With regard to the reference to auto parts, OEMs refer to the manufacturer of the original equipment, i.e. parts mounted and installed during the construction of a new vehicle. On the other hand, aftermarket parts are those manufactured by companies other than the OEM, which could be installed as a replacement after the car has left the factory. For example, if Ford used autolite ignition candles, Exide batteries, Bosch fuel injectors and Ford`s own blocks and heads when building a car, authors and collectors consider them OEM parts. [Citation required] Other parts of the brand would be considered after-marketing, such as champion ignition candles, DieHard batteries, Kinsler fuel injectors and engine blocks and BMP heads. Many automakers sell parts through several channels, for example to automakers for their installation in the construction of new cars, to automakers for resale as automotive spare parts, and to merchandising supply chains. Each specific brand can be OEM on some vehicle models and after-sales on others. The VAR generally works closely with the OEM. The OEM adapts designs to the specific needs and requirements of the VAR company. IBM is an example of a company that is a supplier to the OEM market.
IBM is also an OEM on its own, because IBM uses parts of other companies in some of its own products. There are several computer equipment manufacturers that use their own branded products and are able to obtain significant revenue streams by reselling this product or significant parts of the product to OEM companies that are competitive in the same market. Microsoft is a popular example of a company that exposes its Windows operating systems for use by OEM computer manufacturers through the pooling of Microsoft Windows. OEM product keys are cheaper than their retail counterparts, mainly because they are purchased in large quantities, even though they use the same software as retail versions of Windows. They are primarily designed for pc equipment manufacturers and systems manufacturers, and as such are generally sold in volume licensing agreements to a variety of manufacturers (Dell, HP, ASUS, Acer, Lenovo, Wistron, Inventec, Supermicro, Compal Electronics, Quanta Computer, Foxconn, Pegatron, Jabil Flex, etc.). These OEMs often use a process known as the Locked Pre-Installation System, which preactivates Windows on PCs that are intended to be sold on mass distribution. These OEMs typically include software that is not installed in Windows stock on Windows images that are provided with their PCs (appropriate hardware drivers, anti-malware and maintenance software, different applications, etc.). One of the most fundamental examples of an OEM is the relationship between a car manufacturer and a spare parts manufacturer. Parts such as exhaust systems or brake cylinders are manufactured by a wide variety of equipment manufacturers. The OEM parts are then sold to a car manufacturer who assembles them in a car.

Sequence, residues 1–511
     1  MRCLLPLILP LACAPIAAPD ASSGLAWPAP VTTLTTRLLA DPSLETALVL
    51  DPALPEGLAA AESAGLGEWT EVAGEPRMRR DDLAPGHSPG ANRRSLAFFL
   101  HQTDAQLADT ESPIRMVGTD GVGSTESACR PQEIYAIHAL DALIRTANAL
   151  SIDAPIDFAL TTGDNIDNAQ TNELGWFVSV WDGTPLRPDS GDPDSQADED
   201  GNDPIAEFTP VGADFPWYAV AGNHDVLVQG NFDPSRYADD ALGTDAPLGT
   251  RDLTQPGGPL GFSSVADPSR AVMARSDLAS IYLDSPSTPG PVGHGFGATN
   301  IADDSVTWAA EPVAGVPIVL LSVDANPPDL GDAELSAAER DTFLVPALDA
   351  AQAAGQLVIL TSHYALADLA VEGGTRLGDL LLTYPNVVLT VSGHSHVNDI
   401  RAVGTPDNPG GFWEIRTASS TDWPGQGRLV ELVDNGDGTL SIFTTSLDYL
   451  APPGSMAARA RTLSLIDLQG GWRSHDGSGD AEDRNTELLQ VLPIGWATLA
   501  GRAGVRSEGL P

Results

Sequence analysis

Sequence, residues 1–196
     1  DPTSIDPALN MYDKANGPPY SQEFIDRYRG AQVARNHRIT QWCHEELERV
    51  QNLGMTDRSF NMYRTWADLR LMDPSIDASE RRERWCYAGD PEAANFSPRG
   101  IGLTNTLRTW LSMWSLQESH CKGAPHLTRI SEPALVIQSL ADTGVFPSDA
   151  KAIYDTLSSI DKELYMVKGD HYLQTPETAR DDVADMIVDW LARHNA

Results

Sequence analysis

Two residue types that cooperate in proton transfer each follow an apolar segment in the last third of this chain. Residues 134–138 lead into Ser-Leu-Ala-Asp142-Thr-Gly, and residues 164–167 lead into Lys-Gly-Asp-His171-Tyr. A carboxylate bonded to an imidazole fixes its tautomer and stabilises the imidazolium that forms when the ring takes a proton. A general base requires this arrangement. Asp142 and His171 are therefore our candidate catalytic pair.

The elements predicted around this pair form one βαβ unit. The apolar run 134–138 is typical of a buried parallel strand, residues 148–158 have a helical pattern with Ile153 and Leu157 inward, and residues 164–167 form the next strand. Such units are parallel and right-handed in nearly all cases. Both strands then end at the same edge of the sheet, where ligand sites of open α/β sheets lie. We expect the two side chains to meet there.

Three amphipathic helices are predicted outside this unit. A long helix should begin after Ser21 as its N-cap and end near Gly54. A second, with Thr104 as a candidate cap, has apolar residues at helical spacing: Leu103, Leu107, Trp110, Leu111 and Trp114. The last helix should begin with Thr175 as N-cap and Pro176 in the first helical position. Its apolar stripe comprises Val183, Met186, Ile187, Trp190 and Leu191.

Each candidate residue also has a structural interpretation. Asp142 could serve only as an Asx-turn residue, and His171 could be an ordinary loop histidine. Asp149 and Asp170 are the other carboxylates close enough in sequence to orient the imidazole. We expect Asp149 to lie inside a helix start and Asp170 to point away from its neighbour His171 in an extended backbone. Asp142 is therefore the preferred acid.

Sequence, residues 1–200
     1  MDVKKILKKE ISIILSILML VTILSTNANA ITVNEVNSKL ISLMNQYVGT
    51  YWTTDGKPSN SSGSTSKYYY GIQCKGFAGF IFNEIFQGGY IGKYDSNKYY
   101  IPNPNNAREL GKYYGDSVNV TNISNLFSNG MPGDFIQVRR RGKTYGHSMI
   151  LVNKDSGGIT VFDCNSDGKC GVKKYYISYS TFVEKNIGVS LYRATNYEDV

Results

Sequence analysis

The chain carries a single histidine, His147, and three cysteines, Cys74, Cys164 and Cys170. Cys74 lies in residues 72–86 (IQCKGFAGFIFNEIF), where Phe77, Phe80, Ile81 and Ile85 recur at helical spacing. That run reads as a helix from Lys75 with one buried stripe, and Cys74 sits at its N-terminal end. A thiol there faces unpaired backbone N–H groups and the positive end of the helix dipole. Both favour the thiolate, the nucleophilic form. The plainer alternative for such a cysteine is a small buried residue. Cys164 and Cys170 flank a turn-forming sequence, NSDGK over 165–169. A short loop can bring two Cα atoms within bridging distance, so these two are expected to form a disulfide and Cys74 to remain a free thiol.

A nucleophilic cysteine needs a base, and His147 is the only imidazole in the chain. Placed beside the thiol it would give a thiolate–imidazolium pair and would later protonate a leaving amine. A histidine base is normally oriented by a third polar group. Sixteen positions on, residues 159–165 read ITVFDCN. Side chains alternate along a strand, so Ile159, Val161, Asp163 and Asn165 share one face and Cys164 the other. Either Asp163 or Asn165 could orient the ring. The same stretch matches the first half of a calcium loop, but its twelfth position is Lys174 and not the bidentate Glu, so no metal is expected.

The finished car is then sold to car dealerships for sale to individual consumers. Individuals can also purchase "System-Builder" OEM licenses for personal use (to include virtual hardware) or for pc sales/resale they are building.